What’s the secret behind Zero-Detect’s success? Zero-Detect camouflage is not a picture, like most conventional camo patterns, but is a true pattern. This camo is not limited to blending in to the environment portrayed by the picture printed on the fabric but is versatile enough to blend in with almost any environment—a “must have” for any hunter who hunts in more than one location.

According to designer Steve Bursey, president of Zero-Detect Hunting Products, what impacts a camo pattern’s effectiveness most is not colors but shades. Since a deer’s vision is more pattern-oriented than color-oriented, the blending of shades is more important than the combination of colors. Zero-Detect camo has the unique ability to provide concealment in any light. As the light conditions change, the camo pattern will not blob or glow as other camo patterns have a tendency to do, especially in low light or cloudy conditions, which is the best time to hunt. There is nothing in the pattern that draws the eye or alerts game.

Zero-Detect camo is currently available on the KillZone Turret pop up blinds and Turret XL ground blinds.

August 24, 2010

Hunting Camo Pattern FAQs

Hunting Blind with Zero Detect Camo

Hunting Blind with Zero Detect Camo

What type of camouflage do I need for my hunting blind?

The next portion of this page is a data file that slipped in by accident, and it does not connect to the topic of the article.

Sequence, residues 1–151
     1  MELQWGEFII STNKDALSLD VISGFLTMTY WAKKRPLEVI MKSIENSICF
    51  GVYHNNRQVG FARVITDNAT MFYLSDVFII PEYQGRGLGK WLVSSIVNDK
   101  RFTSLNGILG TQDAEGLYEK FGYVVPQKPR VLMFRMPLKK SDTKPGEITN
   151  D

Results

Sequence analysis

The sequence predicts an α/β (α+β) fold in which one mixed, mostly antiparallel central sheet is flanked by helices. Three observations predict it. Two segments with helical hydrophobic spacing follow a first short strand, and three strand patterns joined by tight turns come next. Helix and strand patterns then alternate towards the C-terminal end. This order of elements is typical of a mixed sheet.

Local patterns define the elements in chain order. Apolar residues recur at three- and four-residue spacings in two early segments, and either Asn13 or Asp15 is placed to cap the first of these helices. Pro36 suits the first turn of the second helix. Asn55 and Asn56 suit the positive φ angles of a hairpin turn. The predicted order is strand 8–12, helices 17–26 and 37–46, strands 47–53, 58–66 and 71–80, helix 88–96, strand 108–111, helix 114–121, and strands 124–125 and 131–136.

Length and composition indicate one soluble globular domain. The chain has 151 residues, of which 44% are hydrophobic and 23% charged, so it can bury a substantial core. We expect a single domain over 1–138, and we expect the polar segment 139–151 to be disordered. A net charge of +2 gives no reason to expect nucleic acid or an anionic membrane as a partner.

If you predominantly hunt one type of cover (for example, in a tree stand in a stand of oaks in late November), a specialized hunting camo pattern will provide optimal camouflage. But if you need a hunting blind camo pattern that works in several types of cover, an all-purpose pattern is your best bet. All-purpose camo generally uses an open pattern that blends in across multiple backgrounds and hunting seasons. It’s versatile enough to be used in spring or fall, in woods, marshland, crop fields, or grasslands.

What type of camo works well for early season hunting? Late season hunting?

Camo patterns with predominantly green hues blend in well with the new growth that takes in early spring. For late season hunting, look for darker patterns with multiple shades of brown and tan, broken up by small highlights of red, orange, or green.

Hunting Blind with Autumn Wooded Oak camo

Hunting Blind with Autumn Wooded Oak camo

What is the difference between Zero Detect and Autumn Wooded Oak camo?

The Zero-Detect camo pattern is designed to work in woodland terrain, brush and scrub. The green hues in the pattern blend in well with spring foliage and the brown hues provide coverage for fall foliage and late-season hunting. The white highlights add contrast and depth to the pattern.

The Autumn Wooded Oak camo pattern is designed primarily for wooded landscapes and fall foliage but can also be brushed in to match a variety of seasons and terrain. The various shades of brown, orange, yellow, and green make this pattern versatile enough for a wide range of foliage.